Essential Oils Allergy in Cats

Essential Oils Allergy in Cats - Symptoms, Causes, Diagnosis, Treatment, Recovery, Management, Cost
Essential Oils Allergy in Cats - Symptoms, Causes, Diagnosis, Treatment, Recovery, Management, Cost

What is Essential Oils Allergy?

There is a long list of potentially toxic essential oils that should be avoided when you have a cat in your home. Some of these essential oils are used in food additives, cleaning products, insect repellents and shampoos. Use caution when using these products or simply avoid products that contain these essential oils. Cats are very sensitive to smells and they will avoid areas that contain these oils. If you notice your cat avoiding certain rooms or areas, look around for the possible cause and remove any candles or products that contain essential oils. 

Some of the most common and toxic essential oils to cats include oregano, bay leaf, savory, cedar leaf, parsley, sage, hyssop, lavender, eucalyptus, Cyprus, mint, citronella, clove, caraway, ginger, chamomile, rosemary, pine, thyme, peppermint, lemon, tea tree oil, cinnamon bark oil, wintergreen and oils that contain phenols.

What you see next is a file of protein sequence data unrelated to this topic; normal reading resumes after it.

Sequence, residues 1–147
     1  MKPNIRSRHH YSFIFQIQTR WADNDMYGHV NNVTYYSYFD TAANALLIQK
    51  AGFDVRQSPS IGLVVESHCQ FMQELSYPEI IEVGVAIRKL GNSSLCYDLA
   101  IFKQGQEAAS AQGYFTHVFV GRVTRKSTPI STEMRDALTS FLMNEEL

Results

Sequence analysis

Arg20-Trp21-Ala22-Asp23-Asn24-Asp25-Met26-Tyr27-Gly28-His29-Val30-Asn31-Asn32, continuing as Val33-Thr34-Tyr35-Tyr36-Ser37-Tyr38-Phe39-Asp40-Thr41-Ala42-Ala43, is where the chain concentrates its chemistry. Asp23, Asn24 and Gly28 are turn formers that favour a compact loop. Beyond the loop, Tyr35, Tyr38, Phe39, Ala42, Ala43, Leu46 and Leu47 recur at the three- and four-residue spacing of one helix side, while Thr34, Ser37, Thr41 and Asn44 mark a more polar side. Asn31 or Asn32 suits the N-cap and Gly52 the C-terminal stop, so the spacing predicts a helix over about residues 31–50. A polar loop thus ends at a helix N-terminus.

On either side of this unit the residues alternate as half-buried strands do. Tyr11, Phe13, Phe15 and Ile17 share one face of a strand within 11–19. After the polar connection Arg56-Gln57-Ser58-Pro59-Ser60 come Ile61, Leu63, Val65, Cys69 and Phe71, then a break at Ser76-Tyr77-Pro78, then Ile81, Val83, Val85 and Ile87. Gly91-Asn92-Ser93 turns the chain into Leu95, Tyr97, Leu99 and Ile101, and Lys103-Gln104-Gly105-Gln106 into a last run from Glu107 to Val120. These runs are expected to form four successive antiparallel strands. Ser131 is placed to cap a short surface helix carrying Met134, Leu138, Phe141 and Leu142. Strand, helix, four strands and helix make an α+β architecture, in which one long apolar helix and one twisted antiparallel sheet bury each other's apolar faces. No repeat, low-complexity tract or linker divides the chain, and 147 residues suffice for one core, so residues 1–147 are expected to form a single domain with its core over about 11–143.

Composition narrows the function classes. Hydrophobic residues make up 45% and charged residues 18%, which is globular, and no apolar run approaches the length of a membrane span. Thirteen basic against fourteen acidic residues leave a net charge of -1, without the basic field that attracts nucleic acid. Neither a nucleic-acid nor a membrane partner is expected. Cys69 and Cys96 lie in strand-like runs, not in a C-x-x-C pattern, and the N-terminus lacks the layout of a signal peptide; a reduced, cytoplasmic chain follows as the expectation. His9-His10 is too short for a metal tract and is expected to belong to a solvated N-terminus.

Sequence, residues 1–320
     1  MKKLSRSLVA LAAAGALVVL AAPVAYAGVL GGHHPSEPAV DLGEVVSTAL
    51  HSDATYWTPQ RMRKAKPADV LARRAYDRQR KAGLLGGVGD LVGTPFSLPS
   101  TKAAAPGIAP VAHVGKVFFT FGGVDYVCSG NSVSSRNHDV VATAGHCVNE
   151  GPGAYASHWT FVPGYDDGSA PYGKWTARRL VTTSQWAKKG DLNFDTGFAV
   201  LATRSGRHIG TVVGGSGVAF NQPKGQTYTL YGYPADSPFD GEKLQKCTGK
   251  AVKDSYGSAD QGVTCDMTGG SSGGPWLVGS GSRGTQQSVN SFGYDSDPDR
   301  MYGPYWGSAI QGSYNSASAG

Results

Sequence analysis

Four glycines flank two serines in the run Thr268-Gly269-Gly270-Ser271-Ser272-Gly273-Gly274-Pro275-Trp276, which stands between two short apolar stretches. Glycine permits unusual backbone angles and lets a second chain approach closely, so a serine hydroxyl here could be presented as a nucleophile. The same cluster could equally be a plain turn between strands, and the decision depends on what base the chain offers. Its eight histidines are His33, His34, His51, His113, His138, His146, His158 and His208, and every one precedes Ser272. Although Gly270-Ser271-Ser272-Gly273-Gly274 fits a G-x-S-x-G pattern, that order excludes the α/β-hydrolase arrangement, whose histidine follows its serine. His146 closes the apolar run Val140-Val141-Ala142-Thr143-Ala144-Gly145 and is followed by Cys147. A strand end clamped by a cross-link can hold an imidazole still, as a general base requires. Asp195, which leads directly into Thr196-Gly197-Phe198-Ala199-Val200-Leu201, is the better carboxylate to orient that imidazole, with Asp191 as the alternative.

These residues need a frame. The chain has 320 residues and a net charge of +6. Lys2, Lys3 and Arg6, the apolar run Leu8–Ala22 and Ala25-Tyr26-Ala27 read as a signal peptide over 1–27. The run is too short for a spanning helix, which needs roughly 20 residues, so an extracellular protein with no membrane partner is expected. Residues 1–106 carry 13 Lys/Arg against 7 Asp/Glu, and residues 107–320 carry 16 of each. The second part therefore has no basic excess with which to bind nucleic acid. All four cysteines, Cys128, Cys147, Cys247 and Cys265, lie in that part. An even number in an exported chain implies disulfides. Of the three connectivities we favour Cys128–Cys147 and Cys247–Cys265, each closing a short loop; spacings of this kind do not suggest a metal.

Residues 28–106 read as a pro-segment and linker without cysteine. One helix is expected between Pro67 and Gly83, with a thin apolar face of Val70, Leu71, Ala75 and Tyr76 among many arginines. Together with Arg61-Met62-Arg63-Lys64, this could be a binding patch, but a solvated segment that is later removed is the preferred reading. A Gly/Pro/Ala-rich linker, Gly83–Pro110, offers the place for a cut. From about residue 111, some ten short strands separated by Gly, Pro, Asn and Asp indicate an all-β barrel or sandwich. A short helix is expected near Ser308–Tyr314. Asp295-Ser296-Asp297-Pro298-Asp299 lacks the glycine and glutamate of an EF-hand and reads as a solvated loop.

Essential oils can be dangerous to cats as they are absorbed into the bloodstream and then metabolized in your cat’s liver because they do not have glucuronyl transferase, a liver enzyme. Most mammals have a natural detoxification mechanism called hepatic glucuronidation but cats do not have this. Whether ingested, inhaled or applied topically, cats are much more susceptible to essential oils than most other mammals.

Symptoms of Essential Oils Allergy in Cats

Your cat may not exhibit symptoms of essential oils allergies until the toxins begin to build up in their body. This can cause damage to their liver. If you suspect that your cat is suffering from essential oils allergies, contact your veterinarian for an appointment. Remove all candles, fragrances and other items that contain essential oils from your home. Symptoms include: 

  • Dizziness
  • Lack of appetite
  • Vomiting
  • Incoordination or lack of balance
  • Difficulty breathing
  • Fragrance/scent on their coat, skin or breath
  • Drooling
  • Lethargy or weakness
  • Scratching at their mouth or face
  • Muscle tremors
  • Redness around the mouth or on the gums and tongue
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Causes of Essential Oils Allergy in Cats

There are two reasons cats are allergic to essential oils. First, they have more delicate skin that is thinner than most mammals. This allows for quicker absorption into the bloodstream. Second, cats are unable to metabolize the compounds found in essential oils. This will lead to a toxic buildup within their bodies. This toxic buildup can lead to liver damage.